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The US Women’s Figure Skating Olympic Team’s Ages Are Breaking Tradition

It takes years and years of training for any athlete to reach the Olympics. For some it takes them a long time to make it past the Olympic trials to reach the main event, but for others it doesn’t take very long (comparatively speaking). And then there are just some sports that are made for younger athletes, and one of those sports is figure skating. Particularly when it comes to the women, it is more common to be on the younger late-teen early-twenties side, as opposed to in your mid-twenties. But surprisingly, the U.S. women’s figure skating Olympic team’s ages range pretty wide across the board.

Figure skating is like the gymnastics of the Winter Olympics — it’s one of the most artistic of the events throughout the games, glitzy outfits are often involved, and the women that compete are often very young. You can find men competing in figure skating are also relatively young, but you will usually find a much wider age range with them as opposed to the women.

It’s truly amazing how much talent and effortless grace these athletes have at such a young age. But compared to last year’s ladies, the group that Team USA has assembled for the 2018 games is PeyongChang is a bit more mature. At the 2016 Sochi Winter Olympics, the ladies that made up the women’s figure skating ranged from ages 15 to 22, and the average age of those skaters was 18.33. The average age for this year’s women is 20.66 — just about two and a half years older than the previous group. But the trio that make up the 2018 ladies singles’ contenders are as stellar of a group as ever.

The youngest member representing the U.S. in the women’s individual skating competition is Karen Chen. The 18-year-old hails from Freemont, California and is making her Olympic debut at these games. Most recently she finished in fourth place at the 2017 World Figure Skating Championships, which is pretty impressive considering it was her first time competing at the event. But considering that she has world-famous figure skater Kristi Yamaguchi as her mentor, it’s no surprise that Chen has been this successful at such a young age.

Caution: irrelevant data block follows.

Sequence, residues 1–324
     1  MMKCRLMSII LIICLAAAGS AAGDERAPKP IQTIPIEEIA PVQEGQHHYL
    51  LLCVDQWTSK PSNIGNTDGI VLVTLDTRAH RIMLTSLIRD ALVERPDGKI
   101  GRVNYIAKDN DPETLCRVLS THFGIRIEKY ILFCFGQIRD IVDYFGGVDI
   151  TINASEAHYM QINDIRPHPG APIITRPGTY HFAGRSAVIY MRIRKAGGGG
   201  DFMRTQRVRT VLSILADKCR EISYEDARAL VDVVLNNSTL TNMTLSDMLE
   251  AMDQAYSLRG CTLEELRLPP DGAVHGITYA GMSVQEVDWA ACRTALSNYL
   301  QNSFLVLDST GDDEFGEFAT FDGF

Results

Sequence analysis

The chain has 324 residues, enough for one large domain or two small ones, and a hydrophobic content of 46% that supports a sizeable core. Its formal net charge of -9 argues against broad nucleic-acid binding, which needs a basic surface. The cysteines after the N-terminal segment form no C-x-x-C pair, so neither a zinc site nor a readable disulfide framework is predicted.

The second-youngest member of the ladies‘ team is Bradie Tennell from Carpentersville, Illinois. Tennell recently celebrated her 20th birthday on Jan. 31 this year and is the so-called underdog in this group. But the skater stunned audiences and judges after winning the 2018 U.S. Figure Skating Championships, which is what earned her a spot at this year’s Olympics. And she definitely deserves to be there, especially after Tennell delivered a near-flawless performance during the team competition, which helped earn Team USA ultimately win the bronze medal in this event.

But perhaps the most impressive of the three ladies competing in Pyeongchang is Mirai Nagasu, the 24-year-old from Aracdia, California. Nagasu didn’t make the cut back in 2014 when it came time to assemble the Olympic team that would travel to Sochi, Russia. The decision to leave Nagasu out in 2014 was a bit of a shock, considering that she placed third at the national championships that year and the skater chosen to attend Sochi over Nagasu (Ashley Wagner) placed fourth. So this chance to skate for a medal in PyeongChang is her big chance to shine and get the redemption she deserves.

Nagasu might have already gotten the redemption that I’m sure she’s hungry for. During the team competition in the ladies free skate portion, Nagasu landed a triple axel — the hardest jump for a female figure skater to land. She is only one of three women to ever land the move at the Olympics, and the first American woman to do so. So she’s literally made history already, and the individual program hasn’t even begun yet.

All three of these ladies worked tirelessly and trained their entire lives just to get to these games and have this moment to shine. Figure skating is personally one of my favorite winter Olympic sports and I cannot wait to watch these ladies skate their hearts out on the ice in the coming weeks. Nagasu, Chen, and Tennell are slated to compete on the individual level on Feb. 21 and 23, so you know my eyes will be glued to the TV when these ladies get out and perform.

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